Norilsk Nickel, which has time and again made its hometown one of the most polluted places on earth, has announced plans to slash dirty emissions – and finally has released a sketch of measures it will undertake to carry that out.
Norway would benefit too. An investment plan the industrial giant released in London late last month also presages a 50 percent cut in emissions wafting over Norway’s border from one of its smelting works in the Kola Peninsula industrial town of Nikel over the next several years.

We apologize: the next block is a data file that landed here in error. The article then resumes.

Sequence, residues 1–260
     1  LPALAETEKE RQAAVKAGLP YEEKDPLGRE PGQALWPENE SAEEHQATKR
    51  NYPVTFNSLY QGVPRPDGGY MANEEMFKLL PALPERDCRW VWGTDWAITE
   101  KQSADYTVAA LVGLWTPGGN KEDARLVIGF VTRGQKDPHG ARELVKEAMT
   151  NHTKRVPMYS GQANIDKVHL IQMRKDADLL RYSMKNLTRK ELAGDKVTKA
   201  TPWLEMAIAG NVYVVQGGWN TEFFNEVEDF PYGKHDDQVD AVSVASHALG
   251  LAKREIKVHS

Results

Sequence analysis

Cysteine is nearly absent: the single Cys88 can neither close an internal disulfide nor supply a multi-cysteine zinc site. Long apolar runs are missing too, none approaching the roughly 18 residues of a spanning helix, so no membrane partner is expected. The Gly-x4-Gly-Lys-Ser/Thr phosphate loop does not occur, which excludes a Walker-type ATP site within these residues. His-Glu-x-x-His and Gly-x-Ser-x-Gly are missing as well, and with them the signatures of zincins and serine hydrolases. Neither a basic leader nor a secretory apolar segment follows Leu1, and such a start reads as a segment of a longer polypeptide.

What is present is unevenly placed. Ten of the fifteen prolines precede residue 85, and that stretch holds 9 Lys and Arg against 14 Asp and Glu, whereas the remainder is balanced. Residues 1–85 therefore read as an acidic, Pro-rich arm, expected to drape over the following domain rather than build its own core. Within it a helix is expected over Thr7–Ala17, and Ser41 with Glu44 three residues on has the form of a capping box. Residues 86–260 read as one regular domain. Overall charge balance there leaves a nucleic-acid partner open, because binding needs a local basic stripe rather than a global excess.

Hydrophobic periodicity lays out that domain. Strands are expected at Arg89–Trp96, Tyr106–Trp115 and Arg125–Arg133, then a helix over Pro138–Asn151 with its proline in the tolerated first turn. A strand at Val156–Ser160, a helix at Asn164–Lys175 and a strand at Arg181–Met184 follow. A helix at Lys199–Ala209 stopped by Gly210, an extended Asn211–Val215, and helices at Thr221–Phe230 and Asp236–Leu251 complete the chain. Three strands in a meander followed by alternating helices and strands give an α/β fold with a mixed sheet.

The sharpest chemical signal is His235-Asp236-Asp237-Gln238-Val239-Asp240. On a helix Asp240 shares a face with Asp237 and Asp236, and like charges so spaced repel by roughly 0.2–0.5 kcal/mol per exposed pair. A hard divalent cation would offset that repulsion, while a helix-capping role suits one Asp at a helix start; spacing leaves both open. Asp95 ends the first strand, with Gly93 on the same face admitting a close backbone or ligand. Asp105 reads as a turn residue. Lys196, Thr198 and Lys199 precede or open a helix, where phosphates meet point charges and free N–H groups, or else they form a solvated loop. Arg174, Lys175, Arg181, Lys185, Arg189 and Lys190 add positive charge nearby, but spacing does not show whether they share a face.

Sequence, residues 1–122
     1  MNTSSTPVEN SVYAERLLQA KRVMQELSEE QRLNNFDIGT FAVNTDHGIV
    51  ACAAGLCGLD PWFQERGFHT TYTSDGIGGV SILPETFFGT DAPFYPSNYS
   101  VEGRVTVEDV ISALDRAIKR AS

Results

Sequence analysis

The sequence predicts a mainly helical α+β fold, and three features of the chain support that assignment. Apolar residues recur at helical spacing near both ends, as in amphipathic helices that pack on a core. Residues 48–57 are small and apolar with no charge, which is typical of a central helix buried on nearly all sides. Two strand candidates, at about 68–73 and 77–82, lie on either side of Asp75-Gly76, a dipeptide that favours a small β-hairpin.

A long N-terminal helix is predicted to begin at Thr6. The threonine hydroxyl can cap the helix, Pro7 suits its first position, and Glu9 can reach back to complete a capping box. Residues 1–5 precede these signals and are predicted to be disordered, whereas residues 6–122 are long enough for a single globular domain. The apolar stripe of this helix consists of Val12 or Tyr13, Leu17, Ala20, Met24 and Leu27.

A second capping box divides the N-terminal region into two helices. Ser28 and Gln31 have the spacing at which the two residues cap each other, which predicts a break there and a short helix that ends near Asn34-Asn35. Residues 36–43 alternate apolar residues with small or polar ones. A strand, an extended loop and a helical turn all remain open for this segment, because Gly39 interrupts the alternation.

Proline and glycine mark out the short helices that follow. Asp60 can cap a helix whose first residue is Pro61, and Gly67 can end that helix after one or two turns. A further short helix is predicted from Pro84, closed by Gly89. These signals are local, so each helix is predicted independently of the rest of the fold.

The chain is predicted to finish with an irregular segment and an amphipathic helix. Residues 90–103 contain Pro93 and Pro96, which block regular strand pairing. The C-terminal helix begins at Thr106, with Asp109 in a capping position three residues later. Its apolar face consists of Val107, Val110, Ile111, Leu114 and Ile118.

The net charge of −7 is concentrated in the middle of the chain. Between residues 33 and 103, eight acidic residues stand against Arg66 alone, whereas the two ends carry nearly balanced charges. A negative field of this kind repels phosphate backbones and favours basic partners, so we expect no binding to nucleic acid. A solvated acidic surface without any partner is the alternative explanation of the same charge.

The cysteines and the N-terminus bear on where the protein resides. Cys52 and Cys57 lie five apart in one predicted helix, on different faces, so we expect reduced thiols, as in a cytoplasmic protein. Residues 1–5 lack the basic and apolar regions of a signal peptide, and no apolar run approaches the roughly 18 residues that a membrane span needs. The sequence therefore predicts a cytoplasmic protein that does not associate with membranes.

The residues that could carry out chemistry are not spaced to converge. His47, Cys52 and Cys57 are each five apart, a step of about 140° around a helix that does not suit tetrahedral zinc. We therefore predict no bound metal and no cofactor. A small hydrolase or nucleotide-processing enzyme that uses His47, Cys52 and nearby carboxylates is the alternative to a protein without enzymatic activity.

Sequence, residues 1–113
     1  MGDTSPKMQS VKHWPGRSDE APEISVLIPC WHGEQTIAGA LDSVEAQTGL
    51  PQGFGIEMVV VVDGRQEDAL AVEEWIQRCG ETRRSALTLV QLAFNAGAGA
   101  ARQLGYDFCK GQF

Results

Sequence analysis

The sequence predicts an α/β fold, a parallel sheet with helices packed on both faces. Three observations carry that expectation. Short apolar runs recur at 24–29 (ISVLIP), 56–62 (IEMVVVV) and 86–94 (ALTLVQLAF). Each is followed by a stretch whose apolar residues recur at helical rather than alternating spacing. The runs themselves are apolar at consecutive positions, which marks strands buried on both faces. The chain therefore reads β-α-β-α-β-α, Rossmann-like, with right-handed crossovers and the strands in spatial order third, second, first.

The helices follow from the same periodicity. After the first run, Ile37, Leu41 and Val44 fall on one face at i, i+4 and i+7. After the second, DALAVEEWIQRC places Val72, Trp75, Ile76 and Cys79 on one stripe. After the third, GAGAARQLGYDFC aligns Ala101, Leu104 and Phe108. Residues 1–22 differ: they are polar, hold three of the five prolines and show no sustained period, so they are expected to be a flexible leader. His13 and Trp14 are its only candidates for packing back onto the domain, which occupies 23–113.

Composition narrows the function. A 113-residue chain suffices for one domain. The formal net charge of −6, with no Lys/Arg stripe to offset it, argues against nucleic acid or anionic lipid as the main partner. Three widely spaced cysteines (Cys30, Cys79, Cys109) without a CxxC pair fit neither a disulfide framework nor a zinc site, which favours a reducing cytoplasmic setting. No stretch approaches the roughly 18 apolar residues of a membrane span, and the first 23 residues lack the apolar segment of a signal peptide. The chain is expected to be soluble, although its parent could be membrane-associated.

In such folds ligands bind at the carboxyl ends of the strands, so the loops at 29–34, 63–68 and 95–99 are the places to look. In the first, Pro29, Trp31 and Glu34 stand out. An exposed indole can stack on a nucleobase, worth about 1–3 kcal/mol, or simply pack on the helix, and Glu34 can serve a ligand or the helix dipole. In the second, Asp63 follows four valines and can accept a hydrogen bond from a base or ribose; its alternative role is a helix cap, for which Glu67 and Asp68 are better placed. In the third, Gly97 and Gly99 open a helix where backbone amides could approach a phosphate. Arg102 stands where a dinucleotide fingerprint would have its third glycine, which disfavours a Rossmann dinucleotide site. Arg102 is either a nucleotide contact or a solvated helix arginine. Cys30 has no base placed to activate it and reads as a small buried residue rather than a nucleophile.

That smelter is part of the Kola Mining and Metallurgy Company, a subsidiary of Norilsk Nickel, which has been a near constant source of pollution and worry for northern Norway and other Scandinavian countries.
Since the fall of the Soviet Union, Oslo has struggled with Moscow over harrowing emissions of sulfur dioxide polluting both sides of the Arctic border, but it was not until the release of the Norilsk Nickel investment plan that the company has offered any concrete measures for curtailing them.
Vladimir Potanin, Norilsk Nickel’s billionaire CEO, told the audience in London that the new measures are aimed at making his historically polluting industry into example of green environmental responsibility.